You think you enjoy yourself with which these friends, but actually this truth, is very different. Stole the device can tell you what you actually enjoy and do you know people not experiences. For instance, with the ways television was veal, D ve demand always Netflix. That, though, is that there is a famous study. I think been done, that when people record on there, veal d, all kinds of movies, they tend to recalled all these kinds of I level drama was- and you know things like that, but then, when the moment comes to actually watch a movie unanimous, you never want to see it. You want to see some stupid Hollywood comedy and watch your mouth. Please Nevertheless, there are some very good work, but the thing is that that and and and this device-
Are you, you see it's like you, you scroll through the list of movies, and you say yes, I recorded all these movies, but I don't really want to see them because, my name's narrating self. Has this image of me is a very severe indicated version watch these french out nouveau dramas in whatever, and but I don't really want to see them you know what your mama comparison would be eat every, not everyone lots of people, my circle, subscriber the new Yorker and then, if you gonna, thereby German there's, a new Yorker Anna Us Weekly got us weekly. The pages are almost worn off and they have not crack the new Yorker like they want to be the person who reads in New York or every time they can sit down yet, but they just can't resist the juicy pitchers so bit, but what's interesting about this world, your this future of ours. Your painting is that these questions that are ultimately philosophical questions yet
it would almost think would have been rendered obsolete as we kind of get more technologically advanced. They are almost the were in a position where they're they're gonna be vital. Weirdly, like we actually are now going to have to find out what our philosophy because we're going to engage these machines to execute what we think. We believe that, so we had better figure out what we believe and raise more now than ever. Its parents, that we know what we're trying to enforce, as these things a system to get there. Nothing philosophy is now more important than ever before, because lots of what used to be philosophical problems are becoming very practical problems. of engineering and more and more engineers, I think, need to learn. Philosophy in to solve. Like other the best example, I Norway's Miss self driving cars that, as it is now when I think about it in order to put a self driving cars on the road you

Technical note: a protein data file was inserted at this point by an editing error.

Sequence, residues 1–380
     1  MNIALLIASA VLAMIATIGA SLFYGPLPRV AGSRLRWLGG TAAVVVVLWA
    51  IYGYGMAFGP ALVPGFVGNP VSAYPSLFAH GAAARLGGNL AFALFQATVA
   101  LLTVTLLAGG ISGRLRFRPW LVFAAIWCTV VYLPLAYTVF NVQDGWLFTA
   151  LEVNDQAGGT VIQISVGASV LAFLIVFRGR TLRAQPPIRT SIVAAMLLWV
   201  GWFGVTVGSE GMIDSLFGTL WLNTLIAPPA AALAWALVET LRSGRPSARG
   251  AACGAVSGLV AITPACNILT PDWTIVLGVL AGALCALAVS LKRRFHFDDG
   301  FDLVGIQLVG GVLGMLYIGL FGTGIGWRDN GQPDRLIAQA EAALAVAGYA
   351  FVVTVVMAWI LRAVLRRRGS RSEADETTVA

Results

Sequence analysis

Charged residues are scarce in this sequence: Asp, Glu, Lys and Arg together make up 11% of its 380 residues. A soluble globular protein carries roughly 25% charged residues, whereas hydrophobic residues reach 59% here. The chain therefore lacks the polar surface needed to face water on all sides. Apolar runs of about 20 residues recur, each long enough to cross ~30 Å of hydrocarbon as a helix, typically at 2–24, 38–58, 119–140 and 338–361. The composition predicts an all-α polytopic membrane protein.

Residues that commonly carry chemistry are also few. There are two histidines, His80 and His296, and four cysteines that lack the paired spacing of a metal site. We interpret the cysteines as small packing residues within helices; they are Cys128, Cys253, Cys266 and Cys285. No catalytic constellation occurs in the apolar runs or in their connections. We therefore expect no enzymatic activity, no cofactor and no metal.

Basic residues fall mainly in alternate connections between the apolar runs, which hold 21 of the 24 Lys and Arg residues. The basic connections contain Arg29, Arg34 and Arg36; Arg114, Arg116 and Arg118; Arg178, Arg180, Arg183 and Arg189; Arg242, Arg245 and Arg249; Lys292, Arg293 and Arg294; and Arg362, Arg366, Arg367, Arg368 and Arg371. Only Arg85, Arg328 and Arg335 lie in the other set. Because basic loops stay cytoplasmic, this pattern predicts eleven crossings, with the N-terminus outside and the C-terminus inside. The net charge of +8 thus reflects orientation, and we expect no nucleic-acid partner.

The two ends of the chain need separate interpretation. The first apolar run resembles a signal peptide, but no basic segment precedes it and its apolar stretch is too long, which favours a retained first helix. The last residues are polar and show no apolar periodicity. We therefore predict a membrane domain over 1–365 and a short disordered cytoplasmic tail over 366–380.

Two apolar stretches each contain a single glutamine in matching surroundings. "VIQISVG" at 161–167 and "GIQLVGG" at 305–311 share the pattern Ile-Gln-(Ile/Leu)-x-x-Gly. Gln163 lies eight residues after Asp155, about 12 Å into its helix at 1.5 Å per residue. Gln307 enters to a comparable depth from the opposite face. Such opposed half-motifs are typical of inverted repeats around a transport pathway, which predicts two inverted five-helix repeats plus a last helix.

aid to solve a few philosophical question of bright, like that the most common scenario. Is there. The car resist is driving, and it's only two kids running after a bull jump in front of the car and the only to save the two kids used to swerve to the side and full of follow for participation, kill the owner of the car, who is asleep in the back seat. Now should we do these kinds of questions? Philosophers have been arguing about, for thousands and thousands of years with very little actual impact is the drawling. That's only priority is actually a trolley problem and the interesting thing about the trolley problem. There is a very big difference between what people say in in their philosophy Seminary University and how they actually behave. Yes, but we are so driving car. You need to programme